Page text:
To predict the next random number, we need to know the state consisting 624 32-bit integers. Since \(x_i\) s are the ones present in the state, we've to use the \(y_i\) to get to \(x_i\) by inverting the above 4 equations. In the following code, invert1 inverts 1st and 4th equations, invert2 inverts 2nd and 3rd equations.

def invert1(y, shift):
     """Given y = x ^ (x >> shift), return x. y is a seq of bits."""
     x = y[:]
     for index in range(shift, len(y)):
         x[index] ^= x[index - shift]
     return x
def invert2(y, shift, b):
     """Given y = x ^ ((x << shift) & b), return x. y and b are sequences of bits."""
     x = y[:]
     for i in range(shift + 1, len(y) + 1):
         x[-i] ^= x[shift - i] if b[-i] else 0
     return x

The following code uses the above functions to invert \(y_i\) to \(x_i\)

def detemper(z):
     """Invert the 4 operations. z is an int. returns an int."""
     # Convert integer to list of bits
     z = list(map(int, list("{:032b}".format(z))))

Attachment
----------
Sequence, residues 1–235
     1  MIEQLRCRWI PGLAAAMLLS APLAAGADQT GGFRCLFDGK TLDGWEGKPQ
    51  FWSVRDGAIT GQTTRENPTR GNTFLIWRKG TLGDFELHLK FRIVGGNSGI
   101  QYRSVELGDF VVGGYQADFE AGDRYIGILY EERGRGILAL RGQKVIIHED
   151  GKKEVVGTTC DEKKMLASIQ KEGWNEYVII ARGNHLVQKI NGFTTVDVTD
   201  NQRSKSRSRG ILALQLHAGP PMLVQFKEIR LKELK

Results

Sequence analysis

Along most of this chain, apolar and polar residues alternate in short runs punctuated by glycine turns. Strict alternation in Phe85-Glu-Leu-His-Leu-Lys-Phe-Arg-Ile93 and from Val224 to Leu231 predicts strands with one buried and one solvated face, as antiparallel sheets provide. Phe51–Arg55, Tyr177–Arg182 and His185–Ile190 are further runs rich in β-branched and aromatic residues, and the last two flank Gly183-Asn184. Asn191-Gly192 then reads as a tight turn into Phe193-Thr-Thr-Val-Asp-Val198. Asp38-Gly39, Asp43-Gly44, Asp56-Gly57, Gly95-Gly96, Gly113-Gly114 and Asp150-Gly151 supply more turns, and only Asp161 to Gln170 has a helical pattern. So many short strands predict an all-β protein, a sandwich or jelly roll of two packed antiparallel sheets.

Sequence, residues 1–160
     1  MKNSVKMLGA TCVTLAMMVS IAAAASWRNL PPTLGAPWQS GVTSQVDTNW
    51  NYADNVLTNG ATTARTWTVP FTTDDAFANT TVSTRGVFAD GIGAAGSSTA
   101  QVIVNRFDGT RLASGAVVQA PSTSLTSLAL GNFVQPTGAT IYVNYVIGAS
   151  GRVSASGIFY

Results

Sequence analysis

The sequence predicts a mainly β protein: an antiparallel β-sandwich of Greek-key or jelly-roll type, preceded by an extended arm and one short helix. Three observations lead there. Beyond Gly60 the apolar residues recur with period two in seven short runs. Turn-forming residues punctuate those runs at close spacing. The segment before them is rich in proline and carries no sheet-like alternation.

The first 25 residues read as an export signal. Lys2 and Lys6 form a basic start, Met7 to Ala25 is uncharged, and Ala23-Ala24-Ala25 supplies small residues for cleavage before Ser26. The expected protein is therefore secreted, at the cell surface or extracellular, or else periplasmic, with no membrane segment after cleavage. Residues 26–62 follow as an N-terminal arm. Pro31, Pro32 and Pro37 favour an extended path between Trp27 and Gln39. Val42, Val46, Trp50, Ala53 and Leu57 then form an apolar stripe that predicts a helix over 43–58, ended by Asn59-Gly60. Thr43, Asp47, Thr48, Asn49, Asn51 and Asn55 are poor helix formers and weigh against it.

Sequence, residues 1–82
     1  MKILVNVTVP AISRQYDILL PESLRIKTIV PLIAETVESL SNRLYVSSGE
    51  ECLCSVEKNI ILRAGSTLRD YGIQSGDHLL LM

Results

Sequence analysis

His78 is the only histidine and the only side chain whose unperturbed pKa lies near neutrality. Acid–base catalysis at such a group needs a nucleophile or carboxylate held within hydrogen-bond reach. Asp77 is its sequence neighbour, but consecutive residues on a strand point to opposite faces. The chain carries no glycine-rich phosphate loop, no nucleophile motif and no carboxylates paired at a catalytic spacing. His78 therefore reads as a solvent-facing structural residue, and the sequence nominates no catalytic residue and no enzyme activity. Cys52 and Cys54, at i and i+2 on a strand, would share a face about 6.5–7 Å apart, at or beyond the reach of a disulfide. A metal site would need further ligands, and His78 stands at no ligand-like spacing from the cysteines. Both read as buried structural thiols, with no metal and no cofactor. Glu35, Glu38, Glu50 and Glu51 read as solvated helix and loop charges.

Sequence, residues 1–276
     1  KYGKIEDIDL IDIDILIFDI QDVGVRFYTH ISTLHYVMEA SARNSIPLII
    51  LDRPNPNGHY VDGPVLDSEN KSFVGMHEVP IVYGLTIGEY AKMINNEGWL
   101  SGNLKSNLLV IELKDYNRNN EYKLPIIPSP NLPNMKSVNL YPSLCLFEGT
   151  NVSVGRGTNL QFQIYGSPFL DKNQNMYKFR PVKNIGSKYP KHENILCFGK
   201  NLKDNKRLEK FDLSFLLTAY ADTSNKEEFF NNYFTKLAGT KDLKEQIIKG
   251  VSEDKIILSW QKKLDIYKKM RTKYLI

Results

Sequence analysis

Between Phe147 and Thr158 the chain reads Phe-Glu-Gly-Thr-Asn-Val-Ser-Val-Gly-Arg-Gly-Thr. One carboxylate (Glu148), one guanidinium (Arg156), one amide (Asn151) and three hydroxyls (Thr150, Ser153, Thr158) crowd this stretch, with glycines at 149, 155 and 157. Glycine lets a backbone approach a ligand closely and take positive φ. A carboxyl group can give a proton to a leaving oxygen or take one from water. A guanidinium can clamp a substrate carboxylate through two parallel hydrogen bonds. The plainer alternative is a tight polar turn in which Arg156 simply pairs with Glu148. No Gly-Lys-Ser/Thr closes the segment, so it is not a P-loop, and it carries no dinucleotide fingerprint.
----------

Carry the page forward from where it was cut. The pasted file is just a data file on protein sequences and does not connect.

b = list(map(int, bin(0x9D2C5680)[2:]))
     c = list(map(int, bin(0xEFC60000)[2:]))
     z = invert1(z, 18)
     z = invert2(z, 15, c)
     z = invert2(z, 7, b)
     z = invert1(z, 11)
     # Convert the list of bits to integer
     return int("".join(list(map(str, z))), 2)

Calling detemper on the last 624 random numbers lets us recreate the state. Now, all we have to do is use the generator equation to calculate the next random number based on this state. It turns out, in Python, we don't need to write code to explicitly calculate the next random number based on the state.

MT in Python's random

Python's random module is a wrapper over the Mersenne Twister generator. The function genrand_int32 in _randommodule.c provides the same random number generator as in section Introduction to Mersenne Twister. The functions like random.randint, random.random build upon the random numbers provided by genrand_int32.

Instead of computing new random numbers on every call, genrand_int32 generates the next 624 random numbers at a time and discards the old state. It then stores an index into the state pointing to the first unused value.